Introduction / History
The name of the Dholi people comes from the word "dhol", meaning a type of drum. This is not surprising since the Dholi have been drummers and musicians in India for centuries. They play drums during weddings and other festive occasions. The Dholi claim to have come from the powerful Rajput communities, but this is doubtful since they are currently a "scheduled caste." Scheduled castes receive special consideration for public jobs and university admissions. Like many Hindu communities, the Dholi perceive themselves as being higher on the Hindu social ranking order than others perceive them.
The primary language of the Dholi is Hindi. They also speak many other regional languages.
Where are they located?
Most of the 221,000 Dholi people live in rural parts of India's scenic Rajasthan state. Smaller groups also live in the Indian states of Madhya Pradesh, Gujarat and Assam.
What are their lives like?
Most Dholi are now farmers, not professional musicians. Their children usually begin working in the fields by the time they are 15, so education is limited. However, they still send their sons, and sometimes their daughters, to school when they are young.
These Hindus listen to the radio and watch TV in Hindi. 38% of the Dholi are illiterate. Fortunately, many Christian resources are available in Hindi.
The Dholi are not vegetarian but as Hindus they do not eat beef. Their main foods are wheat, maize and vegetables.
The Dholi marry within their group but not in their clan. Marriage to one person is the general rule but polygamy is allowed. Newly married couples live with or near the groom's parents. The right of divorce belongs only to men. Caste councils promote their interests and settle legal disputes.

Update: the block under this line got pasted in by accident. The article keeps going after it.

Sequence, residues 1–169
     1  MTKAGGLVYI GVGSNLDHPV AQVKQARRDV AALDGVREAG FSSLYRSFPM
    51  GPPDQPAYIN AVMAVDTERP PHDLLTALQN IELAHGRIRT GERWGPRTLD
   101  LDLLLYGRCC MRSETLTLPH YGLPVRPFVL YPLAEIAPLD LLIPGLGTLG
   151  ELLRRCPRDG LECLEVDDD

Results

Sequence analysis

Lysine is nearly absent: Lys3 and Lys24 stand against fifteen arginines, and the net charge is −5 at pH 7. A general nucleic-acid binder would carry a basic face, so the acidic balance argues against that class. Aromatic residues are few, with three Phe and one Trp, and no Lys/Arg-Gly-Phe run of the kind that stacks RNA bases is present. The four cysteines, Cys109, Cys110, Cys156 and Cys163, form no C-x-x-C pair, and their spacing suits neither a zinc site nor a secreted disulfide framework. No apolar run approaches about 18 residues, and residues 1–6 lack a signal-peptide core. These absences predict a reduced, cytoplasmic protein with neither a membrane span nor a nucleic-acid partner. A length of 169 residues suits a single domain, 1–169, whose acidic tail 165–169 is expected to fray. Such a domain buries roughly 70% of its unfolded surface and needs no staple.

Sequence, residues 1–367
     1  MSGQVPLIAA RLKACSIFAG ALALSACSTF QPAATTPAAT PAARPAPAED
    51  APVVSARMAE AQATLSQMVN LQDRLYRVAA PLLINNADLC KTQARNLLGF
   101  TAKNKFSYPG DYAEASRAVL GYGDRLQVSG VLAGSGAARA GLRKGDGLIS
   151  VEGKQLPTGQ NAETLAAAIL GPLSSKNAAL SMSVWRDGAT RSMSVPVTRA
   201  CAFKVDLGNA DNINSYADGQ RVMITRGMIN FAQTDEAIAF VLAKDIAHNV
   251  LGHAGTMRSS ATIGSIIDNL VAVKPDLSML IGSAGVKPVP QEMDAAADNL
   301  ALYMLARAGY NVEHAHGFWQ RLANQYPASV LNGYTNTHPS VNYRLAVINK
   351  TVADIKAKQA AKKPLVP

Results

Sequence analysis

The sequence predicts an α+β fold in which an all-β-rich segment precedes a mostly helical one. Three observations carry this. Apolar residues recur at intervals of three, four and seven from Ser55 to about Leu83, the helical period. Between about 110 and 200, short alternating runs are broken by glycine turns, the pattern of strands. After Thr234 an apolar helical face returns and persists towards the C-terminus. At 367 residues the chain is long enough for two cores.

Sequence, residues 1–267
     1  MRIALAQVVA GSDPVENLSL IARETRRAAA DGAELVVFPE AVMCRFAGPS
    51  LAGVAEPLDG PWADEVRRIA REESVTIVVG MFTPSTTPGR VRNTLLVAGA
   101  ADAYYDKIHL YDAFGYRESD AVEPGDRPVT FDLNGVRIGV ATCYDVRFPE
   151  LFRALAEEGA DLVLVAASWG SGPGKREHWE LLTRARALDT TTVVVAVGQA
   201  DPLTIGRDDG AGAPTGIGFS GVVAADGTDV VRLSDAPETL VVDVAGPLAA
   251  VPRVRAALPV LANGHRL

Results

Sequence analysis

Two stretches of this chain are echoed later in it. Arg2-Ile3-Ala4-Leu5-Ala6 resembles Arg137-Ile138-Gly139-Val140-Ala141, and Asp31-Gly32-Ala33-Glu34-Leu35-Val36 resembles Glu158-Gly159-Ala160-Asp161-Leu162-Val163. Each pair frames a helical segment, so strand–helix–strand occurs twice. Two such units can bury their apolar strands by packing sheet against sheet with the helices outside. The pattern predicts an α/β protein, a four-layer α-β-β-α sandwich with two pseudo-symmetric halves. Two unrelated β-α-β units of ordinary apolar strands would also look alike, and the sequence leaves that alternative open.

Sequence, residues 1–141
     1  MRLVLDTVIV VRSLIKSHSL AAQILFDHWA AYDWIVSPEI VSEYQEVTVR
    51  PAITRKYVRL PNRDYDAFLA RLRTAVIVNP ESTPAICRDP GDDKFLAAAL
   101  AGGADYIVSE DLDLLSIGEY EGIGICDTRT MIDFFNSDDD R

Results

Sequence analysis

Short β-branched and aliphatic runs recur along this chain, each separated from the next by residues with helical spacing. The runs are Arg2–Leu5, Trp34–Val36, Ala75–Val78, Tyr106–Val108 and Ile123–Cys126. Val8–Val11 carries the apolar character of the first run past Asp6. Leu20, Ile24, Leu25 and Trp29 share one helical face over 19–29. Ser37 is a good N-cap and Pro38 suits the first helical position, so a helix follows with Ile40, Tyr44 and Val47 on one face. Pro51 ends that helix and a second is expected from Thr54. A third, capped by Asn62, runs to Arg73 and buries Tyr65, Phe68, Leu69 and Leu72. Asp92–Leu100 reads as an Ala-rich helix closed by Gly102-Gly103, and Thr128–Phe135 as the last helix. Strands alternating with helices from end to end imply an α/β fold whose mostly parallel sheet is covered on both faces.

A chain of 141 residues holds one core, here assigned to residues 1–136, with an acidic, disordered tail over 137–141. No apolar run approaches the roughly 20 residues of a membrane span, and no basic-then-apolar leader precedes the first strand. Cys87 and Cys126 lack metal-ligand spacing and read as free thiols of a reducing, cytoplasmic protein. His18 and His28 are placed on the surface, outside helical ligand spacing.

What are their beliefs?
The Dholi are almost 100% Hindu, the ancient religion of India. They worship and serve the gods of the Hindu pantheon. Hindus believe that by performing rituals and good works they will attain freedom from the endless cycle of birth, death and rebirth. They visit Hindu temples and offer prayers, food, flowers and incense to their gods. There are many forms of Hinduism, each with its own deities and beliefs.
The main yearly holidays of the Dholi are Holi, the festival of colors, Diwali, the festival of lights, Navratri, the celebration of autumn and Rama Navami, Rama's birthday.
Only a tiny number of Dholi are believers in Christ.
What are their needs?
The Dholi Hindu need to hear the message of Jesus Christ in a way they can understand. They must see that Jesus is not just another avatar of a Hindu god like Rama or Krishna, but He is the unique Son of the one true God of the Bible. The Dholi need to see Christianity lived out before them in practical ways.
* Pray for the Lord to send workers to the Dholi people to tell them of Jesus.
* Pray that Christian materials in Hindi and Marwari will become abundantly available to the Dholi.
* Pray for the Lord to send them literacy teachers.
* Pray for spiritual hunger for the Dholi so that they will desire the Word of God.
ReferencesView Dholi (Hindu traditions) in all countries.